News & Highlights

  • June 2023

Elisa Djuhar (MBA 2023) from Singapore: Five Lessons from My First Year at HBS

Elisa Djuhar (MBA 2023) is from Singapore. She has a Bachelor’s Degree in Food Science from Cornell University. Before HBS, she oversaw research and development, and quality and safety of food products at various CPG companies. Djuhar says, "Never in my wildest dreams did I ever think that I’d get into Harvard, let alone HBS. I didn’t apply to Harvard for undergrad because I was too intimidated, and I almost did the same for HBS. I thought it’d be a waste of time, effort, and money because I’d get rejected anyway. But I am so glad I did apply! I’ve never been in such a diverse, stimulating, and inspiring environment. I’ve learned so much, I’ve been challenged and pushed outside of my comfort zone, and I’ve grown in ways that I could not have imagined."
  • May 2022

Virtual Case Discussion with Professor Krishna Palepu on Restoring Trust in Tech Platforms

In the celebration of the HBS Case Centennial, the Asia-Pacific Research Center co-hosted a virtual case discussion in partnership with the India Research Center, HBS Executive Education, and Harvard Business Publishing in May 2022. Professor Krishna Palepu led the discussion on Restoring Trust in Tech Platforms, using the Preserving Trust at (A) case to explore the causes of this distrust and what the platforms can do to respond constructively to this challenge. The session was held among HBS alumni in Asia followed by a Q&A with local faculty on the teaching plan and subtleties of teaching a case online. More than 260 HBS alumni, faculty observers, HBS staff, and MBA admits participated in the session.
  • March 2022

5th Annual Women Leadership Forum

This march Harvard Center Shanghai organized the 5th Annual HBS Women Leadership Forum together with HBS Gender Initiative, HBS Clubs of Shanghai and Beijing. Nancy Dai, Managing Director and Executive Director, Harvard Center Shanghai; Executive Director, Asia-Pacific Research Center, moderated the forum by using a fictional women-in-business case to facilitate an interactive discussion. Five panelists (Janine Feng MBA 1996, Yiru Zhou GMP18, Yanyan Gong MBA 2004, Annabel Lin SELPCH2019, and Sherry Ding) shared their personal experiences on their own career choice, career development, and entrepreneurship as female business leaders. The forum exhibited HBS research and studies on gender issues and facilitated discussion about how females in Asia can break the glass ceiling, advance their careers, and be the best they can in their work and life. More than 420 participates joined the live webinar including Harvard alumni and friends from various countries in the Asia-Pacific region.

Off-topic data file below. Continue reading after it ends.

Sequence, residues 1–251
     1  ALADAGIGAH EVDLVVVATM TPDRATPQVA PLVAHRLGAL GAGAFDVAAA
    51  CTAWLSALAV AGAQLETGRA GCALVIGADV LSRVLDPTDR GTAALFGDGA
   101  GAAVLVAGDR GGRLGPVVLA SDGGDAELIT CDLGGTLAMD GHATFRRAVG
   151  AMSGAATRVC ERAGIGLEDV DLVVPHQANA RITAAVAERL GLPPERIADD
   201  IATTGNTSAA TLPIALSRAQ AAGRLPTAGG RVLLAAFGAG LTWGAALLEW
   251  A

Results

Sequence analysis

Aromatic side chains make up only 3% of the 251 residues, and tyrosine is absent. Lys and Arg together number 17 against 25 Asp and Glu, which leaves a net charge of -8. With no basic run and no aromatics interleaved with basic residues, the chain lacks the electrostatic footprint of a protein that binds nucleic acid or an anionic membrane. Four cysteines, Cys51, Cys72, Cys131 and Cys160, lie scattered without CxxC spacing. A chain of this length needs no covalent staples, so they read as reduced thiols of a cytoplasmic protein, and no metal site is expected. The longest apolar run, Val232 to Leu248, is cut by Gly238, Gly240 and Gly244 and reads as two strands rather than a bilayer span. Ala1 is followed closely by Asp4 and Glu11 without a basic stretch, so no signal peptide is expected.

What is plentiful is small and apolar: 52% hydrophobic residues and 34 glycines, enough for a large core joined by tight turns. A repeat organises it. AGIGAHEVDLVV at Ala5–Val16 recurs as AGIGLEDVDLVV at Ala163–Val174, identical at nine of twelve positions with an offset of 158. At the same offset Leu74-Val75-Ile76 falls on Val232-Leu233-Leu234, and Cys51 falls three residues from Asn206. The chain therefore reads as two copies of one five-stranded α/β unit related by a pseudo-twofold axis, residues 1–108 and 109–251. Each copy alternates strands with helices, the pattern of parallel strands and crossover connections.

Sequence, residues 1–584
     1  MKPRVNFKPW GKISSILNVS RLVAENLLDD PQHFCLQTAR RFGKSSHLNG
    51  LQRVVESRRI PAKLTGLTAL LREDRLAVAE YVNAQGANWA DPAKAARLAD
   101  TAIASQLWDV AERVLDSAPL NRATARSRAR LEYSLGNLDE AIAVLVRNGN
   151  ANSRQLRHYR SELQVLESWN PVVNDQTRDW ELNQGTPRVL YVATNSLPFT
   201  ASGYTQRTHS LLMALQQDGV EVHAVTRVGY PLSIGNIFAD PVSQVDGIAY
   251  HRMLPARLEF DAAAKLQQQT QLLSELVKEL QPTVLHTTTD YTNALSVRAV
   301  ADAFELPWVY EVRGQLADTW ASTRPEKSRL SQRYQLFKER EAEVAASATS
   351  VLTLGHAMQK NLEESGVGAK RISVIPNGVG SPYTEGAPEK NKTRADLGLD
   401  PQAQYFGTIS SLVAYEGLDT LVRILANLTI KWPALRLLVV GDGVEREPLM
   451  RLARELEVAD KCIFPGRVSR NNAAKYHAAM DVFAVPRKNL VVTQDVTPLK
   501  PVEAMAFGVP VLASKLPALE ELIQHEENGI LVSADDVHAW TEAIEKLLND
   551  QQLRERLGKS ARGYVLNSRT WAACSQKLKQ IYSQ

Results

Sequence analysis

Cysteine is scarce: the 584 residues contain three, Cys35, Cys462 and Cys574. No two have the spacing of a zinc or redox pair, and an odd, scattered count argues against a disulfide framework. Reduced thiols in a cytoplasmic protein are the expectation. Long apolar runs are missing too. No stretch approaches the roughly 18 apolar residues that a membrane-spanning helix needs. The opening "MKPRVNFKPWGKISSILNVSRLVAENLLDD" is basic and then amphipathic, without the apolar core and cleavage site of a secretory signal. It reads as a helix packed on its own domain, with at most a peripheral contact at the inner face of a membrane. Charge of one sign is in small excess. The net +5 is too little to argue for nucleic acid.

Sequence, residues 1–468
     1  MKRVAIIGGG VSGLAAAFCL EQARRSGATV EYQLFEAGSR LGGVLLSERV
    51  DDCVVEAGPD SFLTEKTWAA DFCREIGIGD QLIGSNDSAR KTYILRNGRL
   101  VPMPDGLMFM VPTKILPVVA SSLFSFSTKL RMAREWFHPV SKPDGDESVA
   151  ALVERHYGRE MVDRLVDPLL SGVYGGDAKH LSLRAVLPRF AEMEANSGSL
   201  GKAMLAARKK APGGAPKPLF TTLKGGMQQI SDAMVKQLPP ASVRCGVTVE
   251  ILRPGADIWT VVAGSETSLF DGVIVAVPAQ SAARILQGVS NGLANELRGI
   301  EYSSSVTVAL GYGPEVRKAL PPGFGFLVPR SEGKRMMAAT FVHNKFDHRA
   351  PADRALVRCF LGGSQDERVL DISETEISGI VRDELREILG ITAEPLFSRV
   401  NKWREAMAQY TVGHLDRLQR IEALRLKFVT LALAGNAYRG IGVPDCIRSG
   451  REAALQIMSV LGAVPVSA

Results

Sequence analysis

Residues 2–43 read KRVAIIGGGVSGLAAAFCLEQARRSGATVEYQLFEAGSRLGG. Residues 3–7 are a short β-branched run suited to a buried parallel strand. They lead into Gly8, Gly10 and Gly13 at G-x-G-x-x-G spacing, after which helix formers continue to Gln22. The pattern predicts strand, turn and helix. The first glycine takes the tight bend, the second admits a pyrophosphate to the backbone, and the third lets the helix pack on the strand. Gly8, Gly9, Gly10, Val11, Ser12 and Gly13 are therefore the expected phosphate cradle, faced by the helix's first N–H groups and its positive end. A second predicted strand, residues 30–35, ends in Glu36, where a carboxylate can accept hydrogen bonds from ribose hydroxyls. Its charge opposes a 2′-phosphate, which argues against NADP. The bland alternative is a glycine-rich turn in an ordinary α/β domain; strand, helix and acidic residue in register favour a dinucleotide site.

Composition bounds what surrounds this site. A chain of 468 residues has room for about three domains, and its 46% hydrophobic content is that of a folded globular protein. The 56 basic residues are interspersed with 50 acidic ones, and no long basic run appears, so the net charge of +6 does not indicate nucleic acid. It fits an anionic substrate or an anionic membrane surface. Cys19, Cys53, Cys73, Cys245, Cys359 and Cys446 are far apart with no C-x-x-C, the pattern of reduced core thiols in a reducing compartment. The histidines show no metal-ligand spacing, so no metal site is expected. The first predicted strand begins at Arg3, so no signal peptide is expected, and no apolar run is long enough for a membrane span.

• March 2022
  • Events

Webinar on Behind-the-Scenes: A Glimpse into Case Writing at the Asia-Pacific Research Center

Harvard Business School Publishing and the Asia-Pacific Research Center co-organized an event this March to celebrate the HBS Case Centennial. APRC researchers delivered a presentation on case writing at HBS, using examples from their previous cases, providing useful tips and best practices, and highlighting recently published cases from the region. Participants had the opportunity to share their case writing experiences and challenges, suggest current topics in their region, and offer ideas for future sessions. The webinar aimed to build community and facilitate interaction and exchange of ideas among fellow educators. Event participants comprised of faculty members from various institutions in the Asia-Pacific region who are interested in writing and/or teaching cases.